Your best bet will be to interview a few agents as they will provide you with an overview of the various communities and provide you with real estate sales trends and comps.
If I can be of assistance, feel free to contact me. I understand personally the challenges moving cross country can present and how important it is to have support throughout the process.
April Tavares, GRI, ASP
Realtor, DRE License #01742179
As Mario indicated below, a 90 minute commute would allow you to live almost anywhere in the Bay Area and work in Palo Alto (located almost exactly between San Francisco and San Jose).
You need to decide what is important to you in a home - do you prefer a more urban atmosphere? Suburban? Country? Views?
What hobbies are important to you and your family? Hiking? Travel? Visiting museums?
Budget certainly enters into the picture. There are numerous communities all up and down the Peninsula and Bay Area with very good schools.
You'll want to evaluate what is important to you and then narrow your search and investigate which cities feel right to you.
If you have friends in the Bay Area, I'd talk to them and get their recommendation on places to investigate. Real estate agents can also provide similar information, but your 90 minute commute range probably means you'll want to talk to several agents from various areas in order to get local expertise.
Good luck in your final interview. The Bay Area is a wonderful place to live!
Coldwell Banker Palo Alto
Definitely get pre-approved first so that you know how much of a home you can afford. The price will determine how close/far of a commute it will be. Once pre-approved, interview realtors and work with one you are comfortable with. Request the realtor to take you around so you can familiarize yourself with the area so that you know what neighborhoods are ideal and what are not. If you have a price in mind already, I'd be happy to send you a few listings to preview in the meantime.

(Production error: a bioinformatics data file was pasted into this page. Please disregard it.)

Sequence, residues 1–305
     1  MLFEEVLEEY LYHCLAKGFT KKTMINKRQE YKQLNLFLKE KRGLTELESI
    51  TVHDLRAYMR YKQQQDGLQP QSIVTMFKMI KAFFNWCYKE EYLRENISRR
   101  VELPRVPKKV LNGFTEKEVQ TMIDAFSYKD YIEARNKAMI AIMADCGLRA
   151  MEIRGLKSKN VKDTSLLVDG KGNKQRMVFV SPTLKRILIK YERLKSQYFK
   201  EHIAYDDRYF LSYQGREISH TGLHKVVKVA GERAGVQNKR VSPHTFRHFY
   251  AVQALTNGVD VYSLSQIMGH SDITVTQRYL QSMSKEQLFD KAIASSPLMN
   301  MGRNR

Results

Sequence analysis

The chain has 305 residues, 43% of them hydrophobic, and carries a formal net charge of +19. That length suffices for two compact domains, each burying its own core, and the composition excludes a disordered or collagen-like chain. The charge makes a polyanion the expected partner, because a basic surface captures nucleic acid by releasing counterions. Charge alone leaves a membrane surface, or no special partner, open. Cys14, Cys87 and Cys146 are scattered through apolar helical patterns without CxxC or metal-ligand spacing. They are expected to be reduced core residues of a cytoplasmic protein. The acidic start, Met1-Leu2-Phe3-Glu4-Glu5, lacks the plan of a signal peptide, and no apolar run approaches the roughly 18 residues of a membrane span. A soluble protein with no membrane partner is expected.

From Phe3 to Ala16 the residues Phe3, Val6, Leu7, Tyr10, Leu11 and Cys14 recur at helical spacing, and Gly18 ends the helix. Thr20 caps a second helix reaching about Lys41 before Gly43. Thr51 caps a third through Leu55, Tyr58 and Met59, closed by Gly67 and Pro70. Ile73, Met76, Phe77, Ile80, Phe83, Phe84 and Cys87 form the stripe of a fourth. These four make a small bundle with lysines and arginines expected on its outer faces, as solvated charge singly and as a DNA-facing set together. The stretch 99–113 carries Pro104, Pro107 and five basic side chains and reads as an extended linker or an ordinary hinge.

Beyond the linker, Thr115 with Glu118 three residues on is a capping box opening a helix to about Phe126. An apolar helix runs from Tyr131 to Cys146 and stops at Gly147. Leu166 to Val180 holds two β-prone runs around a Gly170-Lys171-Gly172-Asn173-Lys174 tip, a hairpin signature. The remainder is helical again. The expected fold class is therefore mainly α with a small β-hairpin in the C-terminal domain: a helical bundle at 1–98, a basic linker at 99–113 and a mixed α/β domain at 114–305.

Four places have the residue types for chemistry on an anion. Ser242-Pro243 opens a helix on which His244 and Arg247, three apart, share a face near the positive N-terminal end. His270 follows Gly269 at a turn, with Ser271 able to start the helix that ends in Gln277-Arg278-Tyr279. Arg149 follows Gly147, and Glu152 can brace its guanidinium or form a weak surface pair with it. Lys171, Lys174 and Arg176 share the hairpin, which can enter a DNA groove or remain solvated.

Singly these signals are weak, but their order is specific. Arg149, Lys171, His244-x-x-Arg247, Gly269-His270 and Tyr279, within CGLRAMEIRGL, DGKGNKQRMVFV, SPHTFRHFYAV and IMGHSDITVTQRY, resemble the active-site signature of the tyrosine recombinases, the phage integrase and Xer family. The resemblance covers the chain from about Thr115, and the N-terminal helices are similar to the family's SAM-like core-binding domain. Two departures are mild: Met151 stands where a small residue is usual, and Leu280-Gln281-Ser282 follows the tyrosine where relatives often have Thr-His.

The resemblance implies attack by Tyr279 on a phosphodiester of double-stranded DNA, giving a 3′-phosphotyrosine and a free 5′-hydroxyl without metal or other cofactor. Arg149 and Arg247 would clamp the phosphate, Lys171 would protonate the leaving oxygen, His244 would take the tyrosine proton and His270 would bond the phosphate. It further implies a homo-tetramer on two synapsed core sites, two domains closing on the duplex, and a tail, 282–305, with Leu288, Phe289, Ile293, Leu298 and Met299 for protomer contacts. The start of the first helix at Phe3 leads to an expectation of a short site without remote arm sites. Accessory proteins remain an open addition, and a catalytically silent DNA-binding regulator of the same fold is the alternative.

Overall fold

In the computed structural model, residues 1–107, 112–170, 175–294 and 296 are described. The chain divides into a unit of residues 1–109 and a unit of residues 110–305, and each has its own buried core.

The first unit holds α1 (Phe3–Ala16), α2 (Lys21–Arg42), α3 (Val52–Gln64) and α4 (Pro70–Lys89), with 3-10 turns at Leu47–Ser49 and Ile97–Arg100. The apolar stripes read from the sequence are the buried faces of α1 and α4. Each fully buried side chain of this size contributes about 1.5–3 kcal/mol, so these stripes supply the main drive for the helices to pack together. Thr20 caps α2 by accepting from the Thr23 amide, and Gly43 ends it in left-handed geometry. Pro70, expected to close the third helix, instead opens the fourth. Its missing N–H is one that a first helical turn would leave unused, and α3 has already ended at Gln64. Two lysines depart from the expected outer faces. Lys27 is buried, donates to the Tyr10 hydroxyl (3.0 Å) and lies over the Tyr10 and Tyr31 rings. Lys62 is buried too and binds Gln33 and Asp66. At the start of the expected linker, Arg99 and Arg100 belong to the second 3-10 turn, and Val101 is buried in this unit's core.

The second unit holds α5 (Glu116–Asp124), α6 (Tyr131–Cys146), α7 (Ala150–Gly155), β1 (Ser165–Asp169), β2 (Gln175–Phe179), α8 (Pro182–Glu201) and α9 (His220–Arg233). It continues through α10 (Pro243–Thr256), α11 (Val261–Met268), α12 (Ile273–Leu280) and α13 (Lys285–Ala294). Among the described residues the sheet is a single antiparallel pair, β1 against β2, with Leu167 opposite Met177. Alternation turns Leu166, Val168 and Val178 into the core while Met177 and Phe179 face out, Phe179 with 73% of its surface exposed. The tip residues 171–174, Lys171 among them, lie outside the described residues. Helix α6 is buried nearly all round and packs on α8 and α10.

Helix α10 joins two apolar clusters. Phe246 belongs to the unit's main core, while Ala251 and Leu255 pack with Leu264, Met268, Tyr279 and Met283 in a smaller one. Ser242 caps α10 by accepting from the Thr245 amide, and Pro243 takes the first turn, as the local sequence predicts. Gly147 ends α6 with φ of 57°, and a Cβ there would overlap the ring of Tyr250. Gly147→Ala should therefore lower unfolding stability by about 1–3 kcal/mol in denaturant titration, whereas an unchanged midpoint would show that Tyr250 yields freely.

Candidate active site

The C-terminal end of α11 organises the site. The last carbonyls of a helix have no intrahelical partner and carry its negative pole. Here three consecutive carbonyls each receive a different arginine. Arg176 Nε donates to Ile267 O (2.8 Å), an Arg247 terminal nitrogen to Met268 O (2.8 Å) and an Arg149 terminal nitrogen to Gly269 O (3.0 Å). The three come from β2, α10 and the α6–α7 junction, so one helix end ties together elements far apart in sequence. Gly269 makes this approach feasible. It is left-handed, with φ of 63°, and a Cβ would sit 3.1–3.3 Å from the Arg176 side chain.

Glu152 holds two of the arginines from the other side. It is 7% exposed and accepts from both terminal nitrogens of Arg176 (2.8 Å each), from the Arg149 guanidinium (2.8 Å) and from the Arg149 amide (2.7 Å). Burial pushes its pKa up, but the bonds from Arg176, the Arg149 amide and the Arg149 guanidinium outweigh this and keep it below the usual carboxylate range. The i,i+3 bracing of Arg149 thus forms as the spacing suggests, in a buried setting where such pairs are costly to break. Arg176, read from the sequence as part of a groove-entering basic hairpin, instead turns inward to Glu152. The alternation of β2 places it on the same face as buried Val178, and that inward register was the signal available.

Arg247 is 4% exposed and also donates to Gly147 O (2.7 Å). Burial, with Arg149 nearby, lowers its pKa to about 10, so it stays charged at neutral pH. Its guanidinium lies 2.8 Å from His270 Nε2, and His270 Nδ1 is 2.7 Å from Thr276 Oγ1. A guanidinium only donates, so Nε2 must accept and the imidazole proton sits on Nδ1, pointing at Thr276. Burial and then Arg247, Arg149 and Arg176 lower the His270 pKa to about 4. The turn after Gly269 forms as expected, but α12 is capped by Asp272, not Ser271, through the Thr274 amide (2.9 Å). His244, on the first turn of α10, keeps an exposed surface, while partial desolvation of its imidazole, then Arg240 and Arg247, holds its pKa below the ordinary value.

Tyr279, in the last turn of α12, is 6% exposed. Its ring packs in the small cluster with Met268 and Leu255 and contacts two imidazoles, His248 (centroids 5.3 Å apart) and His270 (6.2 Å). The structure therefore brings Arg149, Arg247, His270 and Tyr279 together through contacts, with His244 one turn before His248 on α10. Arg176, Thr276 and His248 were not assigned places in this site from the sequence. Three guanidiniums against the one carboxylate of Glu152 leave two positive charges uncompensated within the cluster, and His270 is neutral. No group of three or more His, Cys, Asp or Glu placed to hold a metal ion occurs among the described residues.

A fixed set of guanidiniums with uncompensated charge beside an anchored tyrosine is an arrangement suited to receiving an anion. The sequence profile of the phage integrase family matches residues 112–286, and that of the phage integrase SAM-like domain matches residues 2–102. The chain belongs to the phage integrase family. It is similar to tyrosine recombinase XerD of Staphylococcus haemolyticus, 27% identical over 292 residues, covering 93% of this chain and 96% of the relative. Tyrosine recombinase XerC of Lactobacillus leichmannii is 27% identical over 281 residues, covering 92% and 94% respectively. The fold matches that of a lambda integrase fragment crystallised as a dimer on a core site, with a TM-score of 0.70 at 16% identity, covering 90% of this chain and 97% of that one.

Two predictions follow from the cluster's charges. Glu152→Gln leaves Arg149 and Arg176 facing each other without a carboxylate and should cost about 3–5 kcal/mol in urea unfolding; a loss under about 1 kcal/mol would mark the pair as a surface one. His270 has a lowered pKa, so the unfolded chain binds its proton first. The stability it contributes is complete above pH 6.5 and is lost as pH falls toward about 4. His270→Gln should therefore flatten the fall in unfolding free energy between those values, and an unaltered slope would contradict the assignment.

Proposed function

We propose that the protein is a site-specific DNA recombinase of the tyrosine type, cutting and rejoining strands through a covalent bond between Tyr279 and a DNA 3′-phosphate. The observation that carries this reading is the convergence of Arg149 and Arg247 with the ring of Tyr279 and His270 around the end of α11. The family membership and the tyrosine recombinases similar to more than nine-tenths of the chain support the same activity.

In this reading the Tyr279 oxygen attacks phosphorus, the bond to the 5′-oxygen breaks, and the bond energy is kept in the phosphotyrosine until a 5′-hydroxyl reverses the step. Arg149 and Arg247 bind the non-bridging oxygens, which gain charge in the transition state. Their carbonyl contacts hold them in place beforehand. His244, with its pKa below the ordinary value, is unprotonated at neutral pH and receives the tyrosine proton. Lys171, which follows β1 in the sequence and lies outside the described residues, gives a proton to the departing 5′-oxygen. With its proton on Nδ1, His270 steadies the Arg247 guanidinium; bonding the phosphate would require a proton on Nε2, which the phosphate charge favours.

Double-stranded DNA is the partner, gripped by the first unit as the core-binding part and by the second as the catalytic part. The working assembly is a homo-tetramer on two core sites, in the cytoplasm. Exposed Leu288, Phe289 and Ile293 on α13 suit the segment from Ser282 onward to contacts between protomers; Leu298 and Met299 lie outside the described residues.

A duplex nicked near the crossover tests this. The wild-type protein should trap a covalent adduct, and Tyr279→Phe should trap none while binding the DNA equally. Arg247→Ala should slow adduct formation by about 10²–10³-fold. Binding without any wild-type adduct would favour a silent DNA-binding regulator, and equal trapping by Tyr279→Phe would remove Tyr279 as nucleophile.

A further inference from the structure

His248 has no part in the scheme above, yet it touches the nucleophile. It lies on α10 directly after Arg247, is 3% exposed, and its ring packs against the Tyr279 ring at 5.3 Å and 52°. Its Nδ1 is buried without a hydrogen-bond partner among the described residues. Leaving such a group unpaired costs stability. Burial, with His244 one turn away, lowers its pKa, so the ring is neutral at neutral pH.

Feel free to contact me if you would like to set up an appointment for a free home buying consultation.
Vicky Le, Intero Real Estate
The first thing that you should probably do is to interview Realtors and choose the one you feel most comfortable with, and you will see in a moment that a lot of agents will reply back to you. Then you should get pre-approved for a loan and make sure you feel extremely comfortable with the payments. Once you had done all that then you will be on your way to home owner ship. If you like you can contact us to help you out or choose from the many that will reply. Everyone will be extremely helpful in finding you the perfect home. Good luck in your venture.